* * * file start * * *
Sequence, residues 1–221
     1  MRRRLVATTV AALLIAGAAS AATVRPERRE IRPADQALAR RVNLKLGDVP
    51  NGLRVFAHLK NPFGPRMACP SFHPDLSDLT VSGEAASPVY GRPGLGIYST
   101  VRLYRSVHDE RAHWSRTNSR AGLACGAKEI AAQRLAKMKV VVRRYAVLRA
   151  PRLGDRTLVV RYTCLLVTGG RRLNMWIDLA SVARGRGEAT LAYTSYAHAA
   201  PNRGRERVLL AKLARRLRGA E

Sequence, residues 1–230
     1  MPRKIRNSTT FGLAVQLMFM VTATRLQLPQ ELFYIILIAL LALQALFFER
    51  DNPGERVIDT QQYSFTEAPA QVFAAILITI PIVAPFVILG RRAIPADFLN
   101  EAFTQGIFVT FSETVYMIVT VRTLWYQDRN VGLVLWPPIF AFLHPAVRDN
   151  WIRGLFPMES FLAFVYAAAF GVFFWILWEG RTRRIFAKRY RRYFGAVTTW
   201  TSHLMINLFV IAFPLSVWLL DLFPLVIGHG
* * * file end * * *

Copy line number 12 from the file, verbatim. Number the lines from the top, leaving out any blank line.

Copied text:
   201  TSHLMINLFV IAFPLSVWLL DLFPLVIGHG